China, the world’s No.2 economy by gross domestic product, is playing a bigger role in the war-torn country. China National Petroleum Corp., the country’s leading oil producer, signed a mega-million deal with Afghan government last December, making China the first country to be able to exploit oil and natural gas in the country in decades.
But recent developments have shown that Beijing’s interest in the region extends beyond its economic interests. In a commentary posted on July 4, former Israeli foreign minister Shlomo Ben-Ami suggested that China is also eyeing Afghanistan’s security and stability in the post-NATO era.
In the article titled “China’s Afghan Game Plan”, Ben-Ami, a foreign policy and national security expert, wrote “…A vital security zone to China’s west, Afghanistan is also an important corridor through which it can secure its interests in Pakistan, and ensure its access to vital natural resources in the region…”
Ben-Ami argued that since China’s Muslim-minority province of Xinjiang is bordering on Afghanistan, it faces imminent risks of a Taliban takeover, such as a replay of what happened in 2008 and 2009 when Muslim Uighurs took anti-Beijing protests to the streets and caused huge clashes with Han Chinese.
Amid the criticism from the international community over how the violence was handled, the Beijing government has been remaining low-ley on its security claims on the ultra-sensitive autonomous region. Moreover, since the U.S. and NATO troops remain active in Afghanistan where the Chinese government blamed Taliban for providing military training for the Uighur insurgents, China has tried to avoid direct military engagement in the area.
Ben-Ami pointed out that even with the western powers withdrawing, China is unlikely to change its soft touch on the regional security and stability issues.
“Judging by China’s behavior in other parts of the world, any military cooperation is likely to be extremely modest and cautious,” Ben-Ami wrote, basing his assessment on China’s refusal to contribute to the $4.1 billion multilateral fund to sustain Afghan’s security forces.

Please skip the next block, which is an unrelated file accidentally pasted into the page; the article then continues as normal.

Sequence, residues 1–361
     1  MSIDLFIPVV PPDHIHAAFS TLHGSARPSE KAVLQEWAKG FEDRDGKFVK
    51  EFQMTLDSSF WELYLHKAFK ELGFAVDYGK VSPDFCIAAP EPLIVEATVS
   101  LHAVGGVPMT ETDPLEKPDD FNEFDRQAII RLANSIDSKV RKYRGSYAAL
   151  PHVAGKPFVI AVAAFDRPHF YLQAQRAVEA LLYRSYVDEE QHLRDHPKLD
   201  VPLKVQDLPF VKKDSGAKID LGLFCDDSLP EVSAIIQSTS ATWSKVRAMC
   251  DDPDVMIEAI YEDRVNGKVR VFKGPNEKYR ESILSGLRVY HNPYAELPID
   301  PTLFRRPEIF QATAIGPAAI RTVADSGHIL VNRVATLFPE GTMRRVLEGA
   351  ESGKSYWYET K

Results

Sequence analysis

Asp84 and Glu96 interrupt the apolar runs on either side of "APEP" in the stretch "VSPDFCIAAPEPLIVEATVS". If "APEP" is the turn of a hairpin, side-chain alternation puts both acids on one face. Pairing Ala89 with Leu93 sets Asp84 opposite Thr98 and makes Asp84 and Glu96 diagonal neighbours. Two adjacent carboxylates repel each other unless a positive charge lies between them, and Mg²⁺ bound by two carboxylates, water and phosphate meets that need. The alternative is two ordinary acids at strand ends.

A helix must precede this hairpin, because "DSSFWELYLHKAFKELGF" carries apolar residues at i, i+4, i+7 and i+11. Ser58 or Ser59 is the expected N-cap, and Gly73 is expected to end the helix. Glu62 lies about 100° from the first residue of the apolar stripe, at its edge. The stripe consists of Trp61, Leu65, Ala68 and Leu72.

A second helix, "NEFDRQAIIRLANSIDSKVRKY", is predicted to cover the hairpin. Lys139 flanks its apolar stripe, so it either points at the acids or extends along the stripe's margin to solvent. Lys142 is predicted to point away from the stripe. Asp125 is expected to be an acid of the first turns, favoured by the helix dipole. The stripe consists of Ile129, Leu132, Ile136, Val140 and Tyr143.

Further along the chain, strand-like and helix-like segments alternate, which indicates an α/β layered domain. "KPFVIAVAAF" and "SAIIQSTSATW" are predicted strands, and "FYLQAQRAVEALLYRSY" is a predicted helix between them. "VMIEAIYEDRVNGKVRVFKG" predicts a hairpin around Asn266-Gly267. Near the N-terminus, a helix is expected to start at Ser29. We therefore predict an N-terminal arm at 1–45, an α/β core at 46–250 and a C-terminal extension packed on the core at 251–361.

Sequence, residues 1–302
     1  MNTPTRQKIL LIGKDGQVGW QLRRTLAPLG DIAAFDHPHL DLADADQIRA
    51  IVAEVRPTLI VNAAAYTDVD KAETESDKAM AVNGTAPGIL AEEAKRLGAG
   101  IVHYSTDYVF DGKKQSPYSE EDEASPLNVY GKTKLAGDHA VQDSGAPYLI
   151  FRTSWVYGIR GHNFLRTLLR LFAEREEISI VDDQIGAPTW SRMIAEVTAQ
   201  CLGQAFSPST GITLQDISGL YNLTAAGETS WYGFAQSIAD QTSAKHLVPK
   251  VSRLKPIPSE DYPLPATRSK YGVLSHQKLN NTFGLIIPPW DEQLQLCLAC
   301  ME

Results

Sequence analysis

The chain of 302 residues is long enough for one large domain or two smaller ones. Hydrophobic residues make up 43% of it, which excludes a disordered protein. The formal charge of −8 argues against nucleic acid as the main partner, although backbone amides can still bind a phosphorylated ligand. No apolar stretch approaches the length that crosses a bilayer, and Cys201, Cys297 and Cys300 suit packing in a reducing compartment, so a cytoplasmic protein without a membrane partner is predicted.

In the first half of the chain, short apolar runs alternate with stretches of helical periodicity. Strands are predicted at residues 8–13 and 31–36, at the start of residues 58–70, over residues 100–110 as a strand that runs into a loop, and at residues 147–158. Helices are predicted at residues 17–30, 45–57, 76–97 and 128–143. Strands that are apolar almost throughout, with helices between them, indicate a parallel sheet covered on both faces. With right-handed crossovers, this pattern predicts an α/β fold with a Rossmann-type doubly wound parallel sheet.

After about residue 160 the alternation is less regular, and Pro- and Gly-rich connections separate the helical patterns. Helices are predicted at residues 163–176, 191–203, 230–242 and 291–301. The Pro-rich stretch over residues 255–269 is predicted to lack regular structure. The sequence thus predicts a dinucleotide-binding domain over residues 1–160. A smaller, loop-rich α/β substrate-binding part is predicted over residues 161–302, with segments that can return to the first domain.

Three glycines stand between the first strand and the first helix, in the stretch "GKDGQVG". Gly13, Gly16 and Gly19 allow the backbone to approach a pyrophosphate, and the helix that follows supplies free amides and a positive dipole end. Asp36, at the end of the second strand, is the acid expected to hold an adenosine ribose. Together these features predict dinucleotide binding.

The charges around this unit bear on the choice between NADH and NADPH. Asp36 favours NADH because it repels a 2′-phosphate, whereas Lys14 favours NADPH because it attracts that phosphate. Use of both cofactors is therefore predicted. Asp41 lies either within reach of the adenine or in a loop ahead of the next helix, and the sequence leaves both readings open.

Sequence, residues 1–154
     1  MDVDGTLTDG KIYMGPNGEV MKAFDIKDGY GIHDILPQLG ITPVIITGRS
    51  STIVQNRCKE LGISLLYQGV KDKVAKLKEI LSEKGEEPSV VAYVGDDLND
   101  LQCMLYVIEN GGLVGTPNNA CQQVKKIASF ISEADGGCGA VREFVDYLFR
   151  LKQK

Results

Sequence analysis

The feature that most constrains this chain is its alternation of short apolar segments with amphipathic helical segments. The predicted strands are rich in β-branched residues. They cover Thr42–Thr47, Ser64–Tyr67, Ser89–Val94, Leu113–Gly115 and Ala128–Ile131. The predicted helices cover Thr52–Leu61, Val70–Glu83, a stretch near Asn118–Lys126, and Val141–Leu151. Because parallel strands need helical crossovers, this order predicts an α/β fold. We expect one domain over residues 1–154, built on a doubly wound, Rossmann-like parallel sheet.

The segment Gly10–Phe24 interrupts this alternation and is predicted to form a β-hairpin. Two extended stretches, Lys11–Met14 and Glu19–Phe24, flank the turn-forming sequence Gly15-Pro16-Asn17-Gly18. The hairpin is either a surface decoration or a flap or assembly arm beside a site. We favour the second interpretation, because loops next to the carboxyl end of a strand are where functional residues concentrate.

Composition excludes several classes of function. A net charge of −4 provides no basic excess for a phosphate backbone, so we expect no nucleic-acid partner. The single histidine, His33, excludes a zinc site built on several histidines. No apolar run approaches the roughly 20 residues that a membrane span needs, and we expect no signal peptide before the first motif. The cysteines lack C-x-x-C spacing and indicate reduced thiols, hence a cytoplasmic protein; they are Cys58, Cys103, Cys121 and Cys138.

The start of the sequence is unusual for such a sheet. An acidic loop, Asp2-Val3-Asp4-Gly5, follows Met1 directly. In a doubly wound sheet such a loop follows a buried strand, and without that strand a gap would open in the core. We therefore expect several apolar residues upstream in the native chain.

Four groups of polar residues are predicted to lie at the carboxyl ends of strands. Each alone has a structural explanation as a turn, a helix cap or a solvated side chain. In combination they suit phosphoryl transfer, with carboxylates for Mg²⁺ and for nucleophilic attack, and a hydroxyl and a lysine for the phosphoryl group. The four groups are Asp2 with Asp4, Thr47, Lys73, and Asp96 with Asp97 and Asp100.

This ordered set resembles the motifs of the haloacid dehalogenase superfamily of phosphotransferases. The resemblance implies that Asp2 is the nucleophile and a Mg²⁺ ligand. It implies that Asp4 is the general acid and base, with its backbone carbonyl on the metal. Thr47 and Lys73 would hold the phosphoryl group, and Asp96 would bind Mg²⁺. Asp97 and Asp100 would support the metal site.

Instead, Ben-Ami said China is more interested in securing its own benefits that are tied to the region – exploiting natural resources and blocking Taliban-trained forces from entering the border, and both of these goals will be accomplished in “the Chinese way” by using soft power.
During the recent Shanghai Cooperation Organization in June, Chinese President Hu Jintao reached a bilateral cooperation agreement with Afghan President Hamid Karzai, laying out a consensus on safeguarding Afghanistan’s stability. Increasing military presence was not on the agenda.
“The preferred Chinese way would be that of cooptation and dialogue.” Ben-Ami said. He argued the only possibility China will bolster its troops in the region would be if it detects another round of insurgent-organized attacks.
Despite Ben-Ami’s conjecture that China’s increasing role in Afghanistan will not pose an immediate threat to the western world, some U.S. defense experts warn that the U.S. and NATO forces should not withdraw too soon.
With more than 400,000 NATO military personnel currently based in the country, experts worried a large-scale downsize will cause them to lose the war that they have been fighting for more than a decade.
Ronald Neumann, former U.S. ambassador to Afghanistan from 2005 to 2007, said the presumption that the NATO troops could walk away from the country worry-free is “threatening” and “unrealistic”, since the insurgence forces remain sporadic and strong while the training period for local Afghan government forces was too short that they are unable to take over the leadership from NATO immediately.
“You have to leave people in place for at least two to three years,” Neumann said at a discussion last week at the Brookings Institution, who just visited Afghanistan in May, “We are not winding down the war on terrorism. We are only winding down our part in it.”
They agreed that besides fighting the insurgents, the U.S. and NATO, like China, also have duties in Afghanistan in the coming years, such as strengthening its economy and establishing transparency and accountability within the local government.
Alex Thier, assistant to the administrator at the Office of Afghanistan and Pakistan Affairs in the U.S. Agency for International Development, said that though NATO has helped the Afghans to develop “more rapidly than any previous decade in the history,” by no means he could call it a complete success.
“The progress remains fragile due to ongoing insurgency, lack of political settlements, corruption and still-weak society and institution.” Thier said, “We need to ask what is normal for the people of Afghanistan and how do they see their own future?”